## Cluster analysis of iris in R

First, remove species:

```> i = as.matrix(iris[,-5])
> i[1:5,]
Sepal.Length Sepal.Width Petal.Length Petal.Width
[1,] “5.1″        ”3.5″       “1.4″        ”0.2″
[2,] “4.9″        ”3.0″       “1.4″        ”0.2″
[3,] “4.7″        ”3.2″       “1.3″        ”0.2″
[4,] “4.6″        ”3.1″       “1.5″        ”0.2″
[5,] “5.0″        ”3.6″       “1.4″        ”0.2″
```

Draw hierarchical clustering:

```> hc = hclust(dist(i))
> plclust(hc)
```

It’s very tempting to pick three clusters as we already know that there are three species. So, cut cluster at three:

```> kls = cutree(hc, 3)
> kls
[1] 1 1 1 1 1 1 1 1 1 1 1 1 1 1 1 1 1 1 1 1 1 1 1 1 1 1 1 1 1 1 1
[32] 1 1 1 1 1 1 1 1 1 1 1 1 1 1 1 1 1 1 1 2 2 2 3 2 3 2 3 2 3 3 3
[63] 3 2 3 2 3 3 2 3 2 3 2 2 2 2 2 2 2 3 3 3 3 2 3 2 2 2 3 3 3 2 3
[94] 3 3 3 3 2 3 3 2 2 2 2 2 2 3 2 2 2 2 2 2 2 2 2 2 2 2 2 2 2 2 2
[125] 2 2 2 2 2 2 2 2 2 2 2 2 2 2 2 2 2 2 2 2 2 2 2 2 2 2
```

Now we got three clusters for the iris data. We can check it’s accuracy using table:

```> table(iris\$Species, kls)
kls
1  2  3
setosa     50  0  0
versicolor  0 23 27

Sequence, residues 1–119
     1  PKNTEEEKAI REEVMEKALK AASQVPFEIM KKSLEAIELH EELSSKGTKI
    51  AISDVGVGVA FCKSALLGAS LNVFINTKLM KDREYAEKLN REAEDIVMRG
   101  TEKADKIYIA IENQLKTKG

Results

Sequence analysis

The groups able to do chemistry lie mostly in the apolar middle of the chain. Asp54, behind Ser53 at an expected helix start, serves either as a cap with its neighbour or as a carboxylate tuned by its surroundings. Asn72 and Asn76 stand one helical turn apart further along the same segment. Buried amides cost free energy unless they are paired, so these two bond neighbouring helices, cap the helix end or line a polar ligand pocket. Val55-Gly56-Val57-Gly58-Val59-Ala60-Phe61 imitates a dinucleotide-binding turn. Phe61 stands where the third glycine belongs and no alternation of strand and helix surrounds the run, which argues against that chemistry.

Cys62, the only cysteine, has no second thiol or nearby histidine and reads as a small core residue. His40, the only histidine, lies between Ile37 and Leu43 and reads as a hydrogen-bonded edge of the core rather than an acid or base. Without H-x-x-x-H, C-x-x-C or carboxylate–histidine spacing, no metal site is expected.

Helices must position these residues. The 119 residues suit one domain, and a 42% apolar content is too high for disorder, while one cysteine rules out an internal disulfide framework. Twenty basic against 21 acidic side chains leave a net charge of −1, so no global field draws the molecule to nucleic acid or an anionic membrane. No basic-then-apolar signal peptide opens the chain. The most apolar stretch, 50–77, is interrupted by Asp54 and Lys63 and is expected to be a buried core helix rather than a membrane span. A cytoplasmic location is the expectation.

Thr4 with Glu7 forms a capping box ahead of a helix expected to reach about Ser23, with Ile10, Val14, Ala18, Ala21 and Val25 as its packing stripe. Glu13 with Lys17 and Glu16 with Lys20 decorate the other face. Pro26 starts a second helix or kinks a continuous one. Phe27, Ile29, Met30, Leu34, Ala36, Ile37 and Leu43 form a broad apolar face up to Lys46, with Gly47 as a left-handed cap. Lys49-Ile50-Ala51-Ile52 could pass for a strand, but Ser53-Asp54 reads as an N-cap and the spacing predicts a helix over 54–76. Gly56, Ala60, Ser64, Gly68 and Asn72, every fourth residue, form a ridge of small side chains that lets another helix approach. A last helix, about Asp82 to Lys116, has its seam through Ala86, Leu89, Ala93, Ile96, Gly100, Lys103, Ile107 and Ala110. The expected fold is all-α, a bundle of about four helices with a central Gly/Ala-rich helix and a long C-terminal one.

virginica   0 49  1
```

It’s easy to see that versicolor is often confused with virginica in this approach.
Instead of hierarchical clustering, we can try divisive clustering. Unlike hierarchical one, it considers global distribution, so it performs better sometimes[1]. Also, it’s faster as it does not need to compute distance for every pairs[2].

```> da = diana(i)
> table(iris\$Species, cutree(da, 3))

1  2  3
setosa     50  0  0
versicolor  3 46  1
virginica   0 14 36
```

Finally, here’s kmeans:

```> km = kmeans(i, 3)
> table(km\$cluster, iris\$Species)

setosa versicolor virginica
1     17          4         0
2     33          0         0
3      0         46        50
```

References)
1. Divisive Clustering. http://nlp.stanford.edu/IR-book/html/htmledition/divisive-clustering-1.html
2. 구자용, 박헌진, 최대우, 김성수, “데이터 마이닝”, Knou Press.

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